Marching towards a dictatorship

I have contemplated a lot whether or not to write about the state of our public discourse or about where the increasingly aggressive remarks of our politicians or public figures may lead to. One reason for my uncertainty was the fact that this issue had regularly been used by certain political actors for their own agenda; typically with less than enough justification. The other reason was “let the cobbler stick to his last”: it is not necessarily a fortunate thing if politicians publish moral commentaries and try to take the bread out of the mouths of “ the professionals”, i.e., publicists and philosophers.

It’s never a good idea to talk of the devil but I am afraid there is much more than that here: we are no longer facing marginal statements, slips of the tongue or the occasional badly-worded sentence. Instead, it is a process with an unforeseeable end. That’s why we have to talk about it.

On March 15 last year, Viktor Orbán threatened anyone with even just slightly different views on the world with a moral, political and legal retribution. These words did not come from the mouth of a marginal, minor party leader or an inexperienced political upstart but from that of the Prime Minister. The sowed seeds seem to have sprouted and the members of the political side which used to proudly call itself civic are now a rich source of the seeds of hatred. Their message is that if you are not with us, you are simply a nobody. This was what Fidesz members sang in the evening of April 8, thus sending a message well in advance to anyone who was not a member of their branch. Now it’s part of Fidesz’ folklore in the form of a moderately sophisticated song. Of course, these things are still not enough for some people: the owner of Fidesz Membership Card No. 5, i.e., Zsolt Bayer keeps throwing much worse curses at basically anyone who is not a Fidesz supporter. (An online magazine recently published an article comparing some of his utterances with the radio broadcasts that instigated the massacre of 800 thousand people in Rwanda in 1994. The difference was not big.) I could go on with this list all the way to the latest harangue by the mayor of Érd.

Everybody have their bad days and since public figures are only human, they do make imprudent, bad statements on occasion, too. Not all genuinely or seemingly bad remarks are motivated by evil intentions and I would rather refrain from assuming the opposite. However, what we see in Hungary in 2019 is much more than some unfortunate slips of the tongue. What we see here is that the governing party and its leaders ignore the half of the country which did not vote for them. Aware of the dominant position arising from being in government, they shamelessly threaten or humiliate those other people, and use every available forum to make them feel ignored. The glaring examples of this attitude are the recent Soros-blaming communiqués released by the Hungarian Mail Service and the state-owned Volánbusz Coach Service or the condescending style of the State Audit Office, which is headed by Fidesz’ worn-out ex-lawmaker, László Domokos.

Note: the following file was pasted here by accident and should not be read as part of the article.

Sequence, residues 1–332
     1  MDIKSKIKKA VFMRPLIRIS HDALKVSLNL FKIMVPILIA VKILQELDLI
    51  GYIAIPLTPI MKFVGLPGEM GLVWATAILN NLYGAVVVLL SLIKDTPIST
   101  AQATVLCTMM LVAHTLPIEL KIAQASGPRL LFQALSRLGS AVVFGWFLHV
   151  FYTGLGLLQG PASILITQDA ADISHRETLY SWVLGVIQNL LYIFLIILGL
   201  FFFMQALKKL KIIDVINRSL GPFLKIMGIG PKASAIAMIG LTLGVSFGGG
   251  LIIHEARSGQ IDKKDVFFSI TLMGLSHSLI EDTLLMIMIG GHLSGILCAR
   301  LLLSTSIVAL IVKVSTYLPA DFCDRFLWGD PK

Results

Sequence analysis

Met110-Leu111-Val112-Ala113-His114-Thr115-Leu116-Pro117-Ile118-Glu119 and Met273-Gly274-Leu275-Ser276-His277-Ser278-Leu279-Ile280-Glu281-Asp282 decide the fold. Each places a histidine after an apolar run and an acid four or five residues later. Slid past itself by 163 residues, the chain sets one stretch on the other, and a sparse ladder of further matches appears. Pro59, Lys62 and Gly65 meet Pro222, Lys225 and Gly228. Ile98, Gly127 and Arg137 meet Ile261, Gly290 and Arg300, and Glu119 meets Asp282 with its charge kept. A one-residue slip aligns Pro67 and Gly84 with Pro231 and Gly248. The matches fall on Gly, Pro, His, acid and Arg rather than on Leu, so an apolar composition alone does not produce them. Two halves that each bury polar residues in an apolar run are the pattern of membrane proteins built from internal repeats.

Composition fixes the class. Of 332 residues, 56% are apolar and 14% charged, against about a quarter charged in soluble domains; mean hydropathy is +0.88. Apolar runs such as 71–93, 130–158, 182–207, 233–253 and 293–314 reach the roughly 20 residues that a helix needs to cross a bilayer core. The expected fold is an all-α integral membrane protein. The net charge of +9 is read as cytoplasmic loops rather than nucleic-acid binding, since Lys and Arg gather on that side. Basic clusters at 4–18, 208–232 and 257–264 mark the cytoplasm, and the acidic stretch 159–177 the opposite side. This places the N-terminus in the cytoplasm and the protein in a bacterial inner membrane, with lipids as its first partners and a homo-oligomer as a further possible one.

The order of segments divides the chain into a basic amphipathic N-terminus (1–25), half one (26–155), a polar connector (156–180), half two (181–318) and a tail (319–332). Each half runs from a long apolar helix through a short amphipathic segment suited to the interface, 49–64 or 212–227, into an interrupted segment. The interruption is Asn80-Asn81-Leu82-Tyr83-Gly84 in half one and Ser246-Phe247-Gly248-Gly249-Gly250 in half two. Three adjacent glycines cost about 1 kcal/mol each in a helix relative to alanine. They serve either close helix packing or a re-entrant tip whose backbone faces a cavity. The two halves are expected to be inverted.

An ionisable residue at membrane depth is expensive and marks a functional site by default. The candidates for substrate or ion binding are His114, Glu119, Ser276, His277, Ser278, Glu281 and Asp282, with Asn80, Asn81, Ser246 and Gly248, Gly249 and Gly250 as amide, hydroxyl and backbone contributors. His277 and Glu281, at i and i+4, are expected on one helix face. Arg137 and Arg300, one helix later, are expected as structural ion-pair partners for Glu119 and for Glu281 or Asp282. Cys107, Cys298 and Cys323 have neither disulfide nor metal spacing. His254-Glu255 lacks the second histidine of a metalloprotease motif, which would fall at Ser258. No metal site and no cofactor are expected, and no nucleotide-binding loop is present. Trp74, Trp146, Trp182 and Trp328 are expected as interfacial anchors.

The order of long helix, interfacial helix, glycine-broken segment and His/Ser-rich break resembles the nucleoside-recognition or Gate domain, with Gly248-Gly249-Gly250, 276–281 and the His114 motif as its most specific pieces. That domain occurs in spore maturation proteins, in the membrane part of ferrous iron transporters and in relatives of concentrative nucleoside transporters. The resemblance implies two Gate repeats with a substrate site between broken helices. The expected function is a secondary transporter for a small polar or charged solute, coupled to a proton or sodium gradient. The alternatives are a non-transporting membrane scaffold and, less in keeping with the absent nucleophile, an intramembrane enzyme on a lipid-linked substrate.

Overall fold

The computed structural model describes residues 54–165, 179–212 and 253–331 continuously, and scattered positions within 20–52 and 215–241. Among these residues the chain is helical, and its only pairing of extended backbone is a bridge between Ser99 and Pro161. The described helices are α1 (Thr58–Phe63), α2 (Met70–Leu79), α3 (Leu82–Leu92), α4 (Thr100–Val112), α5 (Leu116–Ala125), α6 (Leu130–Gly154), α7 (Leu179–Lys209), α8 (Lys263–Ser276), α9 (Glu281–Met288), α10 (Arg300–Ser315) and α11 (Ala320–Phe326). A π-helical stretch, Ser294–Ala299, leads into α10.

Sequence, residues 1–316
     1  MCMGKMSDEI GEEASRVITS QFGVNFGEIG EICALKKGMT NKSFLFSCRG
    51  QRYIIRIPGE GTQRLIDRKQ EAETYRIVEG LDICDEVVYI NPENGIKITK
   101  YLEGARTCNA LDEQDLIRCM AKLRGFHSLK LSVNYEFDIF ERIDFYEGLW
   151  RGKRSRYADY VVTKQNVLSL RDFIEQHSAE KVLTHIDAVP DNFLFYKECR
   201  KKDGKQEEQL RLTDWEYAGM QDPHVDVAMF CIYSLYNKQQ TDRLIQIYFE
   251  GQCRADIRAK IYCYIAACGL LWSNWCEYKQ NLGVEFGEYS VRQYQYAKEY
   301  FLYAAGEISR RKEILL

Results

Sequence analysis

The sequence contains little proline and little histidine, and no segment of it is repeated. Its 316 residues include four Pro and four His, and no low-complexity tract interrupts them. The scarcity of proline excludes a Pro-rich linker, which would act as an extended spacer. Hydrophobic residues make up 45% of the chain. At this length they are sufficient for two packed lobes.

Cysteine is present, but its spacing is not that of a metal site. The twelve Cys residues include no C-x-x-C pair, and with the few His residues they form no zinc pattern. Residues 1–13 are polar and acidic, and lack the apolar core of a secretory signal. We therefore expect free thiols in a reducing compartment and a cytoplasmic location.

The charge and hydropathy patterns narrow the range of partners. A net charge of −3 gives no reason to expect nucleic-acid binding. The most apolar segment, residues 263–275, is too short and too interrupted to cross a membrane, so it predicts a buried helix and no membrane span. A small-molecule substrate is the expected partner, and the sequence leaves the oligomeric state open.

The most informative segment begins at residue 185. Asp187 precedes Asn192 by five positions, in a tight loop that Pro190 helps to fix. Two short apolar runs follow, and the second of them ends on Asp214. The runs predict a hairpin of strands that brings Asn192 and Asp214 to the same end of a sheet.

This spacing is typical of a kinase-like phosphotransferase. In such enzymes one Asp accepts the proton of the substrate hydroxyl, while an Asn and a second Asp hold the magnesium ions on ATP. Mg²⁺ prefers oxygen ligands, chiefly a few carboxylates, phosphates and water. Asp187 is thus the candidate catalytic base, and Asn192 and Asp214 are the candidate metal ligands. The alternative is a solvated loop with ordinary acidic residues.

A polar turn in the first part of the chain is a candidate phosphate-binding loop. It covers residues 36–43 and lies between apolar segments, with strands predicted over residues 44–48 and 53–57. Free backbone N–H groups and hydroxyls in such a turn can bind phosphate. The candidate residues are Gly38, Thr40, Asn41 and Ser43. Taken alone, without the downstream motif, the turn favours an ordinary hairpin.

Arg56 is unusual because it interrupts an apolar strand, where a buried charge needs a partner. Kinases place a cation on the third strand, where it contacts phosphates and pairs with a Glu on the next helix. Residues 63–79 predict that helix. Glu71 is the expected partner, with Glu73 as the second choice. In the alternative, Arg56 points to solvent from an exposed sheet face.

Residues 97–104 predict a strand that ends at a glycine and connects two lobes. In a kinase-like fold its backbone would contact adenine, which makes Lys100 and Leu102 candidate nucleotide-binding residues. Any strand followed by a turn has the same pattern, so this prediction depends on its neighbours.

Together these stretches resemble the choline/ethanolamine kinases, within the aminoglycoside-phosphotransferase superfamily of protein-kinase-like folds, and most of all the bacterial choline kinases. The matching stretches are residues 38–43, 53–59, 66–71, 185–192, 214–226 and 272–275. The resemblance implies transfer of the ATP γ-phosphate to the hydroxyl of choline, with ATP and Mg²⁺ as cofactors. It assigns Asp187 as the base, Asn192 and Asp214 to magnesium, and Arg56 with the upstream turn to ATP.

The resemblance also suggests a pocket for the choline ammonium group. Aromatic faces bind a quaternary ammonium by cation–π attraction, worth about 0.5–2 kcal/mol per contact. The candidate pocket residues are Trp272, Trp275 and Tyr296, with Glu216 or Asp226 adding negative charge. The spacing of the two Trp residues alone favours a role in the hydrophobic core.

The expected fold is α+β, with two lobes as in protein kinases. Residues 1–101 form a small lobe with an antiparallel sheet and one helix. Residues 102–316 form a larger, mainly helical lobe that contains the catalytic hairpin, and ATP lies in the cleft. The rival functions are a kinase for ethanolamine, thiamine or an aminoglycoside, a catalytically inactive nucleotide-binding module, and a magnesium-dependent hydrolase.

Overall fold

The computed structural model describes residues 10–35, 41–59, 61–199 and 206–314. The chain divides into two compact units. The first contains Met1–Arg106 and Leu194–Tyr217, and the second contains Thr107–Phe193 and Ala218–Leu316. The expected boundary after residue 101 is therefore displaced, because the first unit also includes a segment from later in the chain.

And where does all this lead to? The “good” scenario is that Hungary eventually gets used to this vulgar discourse while problem solving is replaced by cursing at each other. This is one way to do it but then Fidesz should not feel offended if the younger generation, growing up in such an environment, throws even more witty swearwords at them. Meanwhile, the country goes down the tubes.

The bad scenario is that some people begin to take these verbal assaults seriously, which we have seen examples of. The deteriorating public discourse has already led to the stabbing of a renowned mayor in Poland. Do we want to wait until all this name-calling and “retribution” leads to physical violence in Hungary, too? I could also mention how certain semi-criminal figures with ties to Fidesz are issuing online threats to the members of Jobbik’s Youth Platform. How far will we go? Will we end up where being involved in politics becomes a hazardous job? Just like in certain South American countries where assassinations are business as usual? Or will we go even further; to the point where we were in the 1950s?

The bad news is that we cannot see the end of this process. If public figures, politicians elected by popular vote can be threatened, called nobody and ruined without any consequence, what should the average joe expect? Should they just expect to be struck down by the government or a local oligarch? We have seen something like this in Hungarian history: after World War II, Communists gradually took over the country. They began to eliminate multi-party democracy, then they imprisoned or deported opposition politicians, followed by dissenters and finally everyone who didn’t fit into the picture. Eventually, keeping a low profile didn’t help either because just a few malevolent rumours were enough to get you indicted. “Don’t just guard them, hate them!” this was the slogan of the wardens working in the headquarters of the Communist secret police. Orbán and his friends are now toying with hatred. If you are not with them, they mark you for destruction. This path is a dictatorship’s path.

I hope we can still take a turn and make Hungary a reliable and safe European country again. That’s what Jobbik works for, and that’s what we will cast our ballots for in the European parliamentary elections on May 26.

 

Published on Márton Gyöngyösi's Facebook-account.